Aging gracefully means possessing the requisite amount of humility to admit when you're wrong and then learning from it.
Among the laundry list of wrongs in my life, some smaller wrongs have smacked me right in the face as the most shocking.
But one must also possess the wisdom to know the difference between wrongs that can be studied and wrongs that are simply too stupid to warrant study.
Things like "This reality show craze has a short shelf life" and "Don't worry, Sarah Palin will go away soon enough" were very wrong wrongs.
So when Palin got her own reality show...and then did a crossover show with "Kate Plus 8"...
...Can't learn from that. That can only make me queasy. The Learning Channel indeed, guys.
But I digress.
I once proclaimed that I'd never like chardonnay. Boatloads of wrong, there. Just boatloads.
And here's yet another example why.
Food: TK chicken, pearl onions and chestnuts, Delice de Bourgogne cheese with baguette and mâche salad with lemon balm
Same Thomas Keller recipe as the ten times before. It's a Monday staple.
Delice de Bourgogne cheese. A staple with TK chicken, this one past its due date by a month. All sorts of crazy funk going on.
Pearl onions and chestnuts that were tasty but seemed superfluous to both of us.
A mâche salad with a mustard vinaigrette that was an afterthought and barely even wanted until we tasted it. The lemon balm added a drying, lemon/minty/soapy flower goodness that reminded me of secondary chenin blanc flavors. You know, the puzzling weirdness that makes chenin blanc so gosh darn good.
The entire TK chicken experience is in "last meal" territory for me. Yes. Chicken. Last meal. It's that good.
One quick note: A trick learned from Around My French Table. Place a few pieces of baguette under the chicken in the cast-iron pan to prevent sticking. What results is the most ridiculously decadent essence of chicken juice charred baguette tasty nugget you've ever had. Like chicken and bread on crack.
Wine: 2007 Domaine de Gandines Viré Clessé ($22 - In Fine Spirits) & 2008 Merryvale Starmont Chardonnay Napa Valley ($17 - Trader Joe's)
Sort of a bargain chardonnay tasting of wines with decent reviews.
Or Old World vs. New World, if that helps you. We'll be doing a few more of these in the near future as we sample chardonnays from Washington, Oregon and California regions not Napa. We're curious and open to the experience right now w/r/t American chardonnays.
Last night's head-to-head went as expected, though. White Burgundy is a perfect 5-0 so far in our house.
The Merryvale Starmont drew raves by Wine Spectator for its "complexity and intensity, always hanging on to its core fruitiness." Not what we got. A nectarine quality was present but we had to dig for it as it was buried under a thick, wooly blanket of vanilla extract. Like Cinnamon Toast Crunch drenched in vanilla extract. Wasn't thick or cloying and even tapered off quite nicely but wasn't in balance. Blunt and clunky upfront, had its moments on the mid-palate and seemed to desperately want to be a better wine overall but never got there.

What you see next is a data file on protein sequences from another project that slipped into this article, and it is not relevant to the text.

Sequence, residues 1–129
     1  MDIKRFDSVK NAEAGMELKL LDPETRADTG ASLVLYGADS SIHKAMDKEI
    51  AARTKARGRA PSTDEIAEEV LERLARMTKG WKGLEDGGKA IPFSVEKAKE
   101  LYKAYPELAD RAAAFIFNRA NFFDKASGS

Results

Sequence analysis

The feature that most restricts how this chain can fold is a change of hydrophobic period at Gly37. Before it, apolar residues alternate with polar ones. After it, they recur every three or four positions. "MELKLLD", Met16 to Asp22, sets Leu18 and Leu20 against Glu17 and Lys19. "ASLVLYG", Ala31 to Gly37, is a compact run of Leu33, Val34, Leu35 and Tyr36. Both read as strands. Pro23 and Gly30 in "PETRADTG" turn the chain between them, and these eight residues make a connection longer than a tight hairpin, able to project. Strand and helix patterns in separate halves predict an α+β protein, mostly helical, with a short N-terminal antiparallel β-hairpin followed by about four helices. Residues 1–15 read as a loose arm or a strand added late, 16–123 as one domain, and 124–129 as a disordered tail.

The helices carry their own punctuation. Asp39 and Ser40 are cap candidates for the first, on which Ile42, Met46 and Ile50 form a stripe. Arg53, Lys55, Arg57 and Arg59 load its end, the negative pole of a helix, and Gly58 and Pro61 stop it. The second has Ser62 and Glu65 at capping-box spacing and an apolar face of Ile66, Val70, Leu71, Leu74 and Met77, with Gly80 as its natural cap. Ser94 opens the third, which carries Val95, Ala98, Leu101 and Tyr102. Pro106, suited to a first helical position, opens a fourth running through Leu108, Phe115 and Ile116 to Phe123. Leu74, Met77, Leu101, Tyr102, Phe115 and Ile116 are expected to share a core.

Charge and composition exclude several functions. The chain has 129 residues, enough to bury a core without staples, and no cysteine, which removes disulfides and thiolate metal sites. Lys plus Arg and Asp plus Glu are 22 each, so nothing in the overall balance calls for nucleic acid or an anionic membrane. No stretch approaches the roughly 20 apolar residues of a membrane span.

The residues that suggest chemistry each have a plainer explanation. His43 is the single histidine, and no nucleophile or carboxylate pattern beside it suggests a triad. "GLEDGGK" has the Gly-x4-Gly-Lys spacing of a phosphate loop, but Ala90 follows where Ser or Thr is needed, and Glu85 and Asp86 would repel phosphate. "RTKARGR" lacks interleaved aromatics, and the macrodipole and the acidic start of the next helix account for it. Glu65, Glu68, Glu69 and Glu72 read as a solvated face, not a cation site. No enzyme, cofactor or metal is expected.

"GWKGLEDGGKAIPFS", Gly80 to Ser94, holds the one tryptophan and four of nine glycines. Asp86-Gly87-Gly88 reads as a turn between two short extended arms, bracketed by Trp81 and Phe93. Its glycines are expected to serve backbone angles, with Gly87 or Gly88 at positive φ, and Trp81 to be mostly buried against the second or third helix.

The Domaine de Gandines was a different story, confirming again why white Burgundy rules the roost. All honey, creamy smoke and minerals wrapped in a medium body and a crisp touch of acidity on the back end. A touch of lemon rind and even a small hint of blood orange on occasion with something that resembles red pepper flakes and white pepper on the back end.
But the joy came from the mineral core, in particular what we've come to know from the Viré Clessé mineral quality that we've found in the three we've had recently. It's less refined than the Auxey Duresses stuff, tasting more rough and tumble like big polished river rock instead of fine, graceful, small and pretty. Almost serves the fruit like albariño's minerality serves its fruit. Comes off intentionally wild, making for a ton of surprises along the way.
And that's the rub. White Burgundy never beats you over the head with its chardonnay-ness. Last night's wine even, at times, on certain sips, resembled a Vouvray in ways. No butter core, no large oak core. Just a swirl of interesting changes all night.
Pairing: 92 Old World wins again
If we only had the Merryvale Starmont with this meal, I'm sure we would have found something to marginally like but it would have been a stretch. Just too much vanilla.
At times, it sufficed, offering something extra with the onions and chestnuts, coming off sort of like an autumn pairing with its darker, more brooding notes. With everything else though, it tasted ordinary and too much like itself - a vanilla bomb.
The white Burgundy was so familiar to us in the best way, playing right into the French-inspired preparation and product on the (coffee) table. Things just dance in the best way, right in step and never off key.
It's what we want. Always.